• reducing costs by avoiding unnecessary evacuations or repatriations and by reducing IPMI premiums as occupational health is often viewed by insurers as a way to adequately demonstrate protection of employee health.

2) Advise

One has to only look at news headlines as proof that assignments abroad can be filled with risks: consider the recent back-to-back deadly earthquakes in Nepal; the rise in international terrorist actions and violence; the Ebola outbreak; and continued political protests and uprisings across the Middle East.

With all these risks, implementing a mobility risk management solution that keeps expatriates and their employers updated and informed of changing conditions and facilitates communication in high-risk locations can be truly invaluable.

Besides these more extreme examples of mobility risks, there are many other events that can disrupt expatriates’ lives and thwart business plans such as location-specific endemic infectious diseases, car accidents, theft, or loss of personal or company-owned property.

A mobility risk management program offers expatriate populations with appropriate medical and security pre-deployment training and continuous intelligence in the destination country.

3) Accompany

During their assignment, expatriates expect to receive the same level healthcare as that provided in their home country. To satisfy the need for cashless access to international standards of medical care delivered in comfortable surroundings, international organisations can rely on third party providers, experts in the building and management of local healthcare provider networks to manage routine and emergency care as well as specialist medical services.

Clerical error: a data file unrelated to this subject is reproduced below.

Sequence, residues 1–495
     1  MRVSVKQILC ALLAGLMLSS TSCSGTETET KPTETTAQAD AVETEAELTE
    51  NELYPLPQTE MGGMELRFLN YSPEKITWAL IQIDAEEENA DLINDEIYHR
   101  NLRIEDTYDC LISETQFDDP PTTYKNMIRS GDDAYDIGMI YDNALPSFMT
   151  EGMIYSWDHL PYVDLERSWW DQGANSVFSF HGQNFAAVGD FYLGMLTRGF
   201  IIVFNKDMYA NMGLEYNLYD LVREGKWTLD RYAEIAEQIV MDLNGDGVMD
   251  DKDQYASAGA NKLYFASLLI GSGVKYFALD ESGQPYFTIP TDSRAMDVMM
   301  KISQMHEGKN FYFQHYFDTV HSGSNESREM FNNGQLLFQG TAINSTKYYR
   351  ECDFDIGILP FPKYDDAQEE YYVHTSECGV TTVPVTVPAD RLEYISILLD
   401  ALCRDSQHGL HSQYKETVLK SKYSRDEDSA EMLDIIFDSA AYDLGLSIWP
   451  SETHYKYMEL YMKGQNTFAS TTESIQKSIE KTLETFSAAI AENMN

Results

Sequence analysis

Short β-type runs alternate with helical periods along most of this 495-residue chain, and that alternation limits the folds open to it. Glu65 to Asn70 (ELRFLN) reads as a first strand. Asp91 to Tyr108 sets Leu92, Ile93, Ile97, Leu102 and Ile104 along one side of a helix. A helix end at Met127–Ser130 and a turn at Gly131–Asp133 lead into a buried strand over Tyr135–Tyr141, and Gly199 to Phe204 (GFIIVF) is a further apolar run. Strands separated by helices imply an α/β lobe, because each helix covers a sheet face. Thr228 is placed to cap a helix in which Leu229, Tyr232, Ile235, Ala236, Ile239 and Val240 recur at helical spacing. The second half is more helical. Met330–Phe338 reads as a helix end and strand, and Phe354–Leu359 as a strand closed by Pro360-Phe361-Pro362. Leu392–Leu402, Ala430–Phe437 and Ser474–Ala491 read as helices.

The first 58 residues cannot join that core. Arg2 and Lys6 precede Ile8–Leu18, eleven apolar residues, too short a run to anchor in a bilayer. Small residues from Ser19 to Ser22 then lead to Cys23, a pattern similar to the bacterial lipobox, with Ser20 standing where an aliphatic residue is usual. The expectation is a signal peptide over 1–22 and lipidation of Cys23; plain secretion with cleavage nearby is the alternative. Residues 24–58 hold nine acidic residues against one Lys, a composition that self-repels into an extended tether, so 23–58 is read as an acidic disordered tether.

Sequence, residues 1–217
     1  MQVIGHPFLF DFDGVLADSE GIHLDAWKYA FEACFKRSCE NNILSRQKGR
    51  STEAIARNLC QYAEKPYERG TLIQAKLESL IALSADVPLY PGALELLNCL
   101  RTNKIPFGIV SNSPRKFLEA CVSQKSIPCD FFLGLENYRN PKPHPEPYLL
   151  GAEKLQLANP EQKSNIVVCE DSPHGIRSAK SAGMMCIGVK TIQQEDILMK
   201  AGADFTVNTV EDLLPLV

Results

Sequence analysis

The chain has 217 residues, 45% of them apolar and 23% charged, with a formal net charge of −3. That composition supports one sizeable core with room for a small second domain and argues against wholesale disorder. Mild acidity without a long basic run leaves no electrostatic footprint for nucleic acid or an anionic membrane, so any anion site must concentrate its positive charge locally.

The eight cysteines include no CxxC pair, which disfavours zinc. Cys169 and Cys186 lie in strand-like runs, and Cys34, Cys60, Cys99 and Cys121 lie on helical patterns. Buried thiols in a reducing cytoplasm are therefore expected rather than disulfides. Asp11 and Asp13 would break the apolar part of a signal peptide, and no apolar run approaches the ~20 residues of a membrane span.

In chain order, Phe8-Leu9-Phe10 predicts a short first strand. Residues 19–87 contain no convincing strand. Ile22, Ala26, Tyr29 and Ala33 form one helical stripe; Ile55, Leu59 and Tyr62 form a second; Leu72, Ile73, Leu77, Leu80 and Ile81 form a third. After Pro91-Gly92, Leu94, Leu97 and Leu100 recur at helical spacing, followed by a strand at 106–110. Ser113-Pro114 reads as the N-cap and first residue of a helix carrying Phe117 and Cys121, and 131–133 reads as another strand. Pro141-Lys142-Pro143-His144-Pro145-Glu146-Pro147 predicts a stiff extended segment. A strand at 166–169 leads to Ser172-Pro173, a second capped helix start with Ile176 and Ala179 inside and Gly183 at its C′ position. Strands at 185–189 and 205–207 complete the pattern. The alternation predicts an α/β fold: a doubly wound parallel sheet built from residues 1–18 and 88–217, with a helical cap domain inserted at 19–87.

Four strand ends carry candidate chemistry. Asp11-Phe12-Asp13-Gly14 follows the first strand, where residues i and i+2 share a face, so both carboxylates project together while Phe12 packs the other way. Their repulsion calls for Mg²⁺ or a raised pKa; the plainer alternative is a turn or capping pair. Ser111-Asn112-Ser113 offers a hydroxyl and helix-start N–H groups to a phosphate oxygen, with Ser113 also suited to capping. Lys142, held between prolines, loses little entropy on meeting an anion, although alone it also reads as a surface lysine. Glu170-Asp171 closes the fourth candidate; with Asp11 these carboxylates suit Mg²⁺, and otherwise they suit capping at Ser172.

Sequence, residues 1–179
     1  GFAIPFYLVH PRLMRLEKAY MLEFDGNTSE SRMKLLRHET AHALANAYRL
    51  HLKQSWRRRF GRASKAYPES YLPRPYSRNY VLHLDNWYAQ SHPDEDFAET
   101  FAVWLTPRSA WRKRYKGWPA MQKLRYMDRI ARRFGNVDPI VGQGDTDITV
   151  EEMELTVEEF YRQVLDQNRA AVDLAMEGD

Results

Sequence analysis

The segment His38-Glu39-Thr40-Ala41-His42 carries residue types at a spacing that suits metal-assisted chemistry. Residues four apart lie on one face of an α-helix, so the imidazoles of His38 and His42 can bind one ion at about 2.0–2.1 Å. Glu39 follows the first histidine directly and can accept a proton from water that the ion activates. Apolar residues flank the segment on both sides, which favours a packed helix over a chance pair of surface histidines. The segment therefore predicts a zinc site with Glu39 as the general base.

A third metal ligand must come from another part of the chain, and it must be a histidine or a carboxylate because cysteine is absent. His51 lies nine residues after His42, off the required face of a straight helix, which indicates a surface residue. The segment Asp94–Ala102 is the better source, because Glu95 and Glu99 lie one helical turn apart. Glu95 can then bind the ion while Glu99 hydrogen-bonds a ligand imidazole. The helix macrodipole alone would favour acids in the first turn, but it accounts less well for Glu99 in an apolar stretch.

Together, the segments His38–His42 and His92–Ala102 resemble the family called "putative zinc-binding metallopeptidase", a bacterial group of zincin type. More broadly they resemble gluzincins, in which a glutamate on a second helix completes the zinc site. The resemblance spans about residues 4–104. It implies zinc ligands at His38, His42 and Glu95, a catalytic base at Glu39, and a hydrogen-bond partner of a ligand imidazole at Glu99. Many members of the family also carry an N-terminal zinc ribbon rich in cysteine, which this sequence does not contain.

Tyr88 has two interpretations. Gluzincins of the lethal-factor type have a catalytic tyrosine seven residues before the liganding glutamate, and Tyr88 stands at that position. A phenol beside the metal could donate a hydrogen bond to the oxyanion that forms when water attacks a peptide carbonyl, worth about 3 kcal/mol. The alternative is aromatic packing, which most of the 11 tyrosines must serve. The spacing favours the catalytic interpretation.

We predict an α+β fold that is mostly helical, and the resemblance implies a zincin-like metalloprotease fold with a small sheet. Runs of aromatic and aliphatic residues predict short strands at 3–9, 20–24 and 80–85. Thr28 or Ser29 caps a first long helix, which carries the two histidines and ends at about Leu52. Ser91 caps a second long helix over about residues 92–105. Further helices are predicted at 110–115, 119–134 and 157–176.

International assignees located in high risk or remote locations often require adequate protection with on-the-ground medical and security capabilities. In the event of injury or illness, on-site medical care with medical staff or via telemedicine solutions are a must to ensure prompt diagnosis, treatment and recovery. Some environments may require continuous on-the-ground security close protection and tracking protocols and technology.

4) Assist

Whether they are struck with illness, have sustained injury, are in the midst of political upheaval or close to an infectious disease outbreak or terrorist attack, expatriates need access to a unique 24/7 helpline in their own language to receive prompt and adapted response or recovery of incurred costs.

Today, organisations are mostly concerned with keeping their mobile workforce safe, especially in unknown and complex environments, usually in developing or underdeveloped countries.

With increasingly frequent threats in developed countries, closer to organisations’ headquarters, current efforts in protecting mobile workforces may extend to protecting all their employees, regardless of location and employment status.

International organisations can rely on experienced and globally capable mobility risk management and assistance partners to promote their projects’ success by identifying their at-risk workforce and project locations, advising them on how to mitigate medial and security risks, accompanying them to ensure project continuity, and assisting them in the event of an incident.

This article was provided by the global corporate solutions department of Europ Assistance, part of the Generali Group.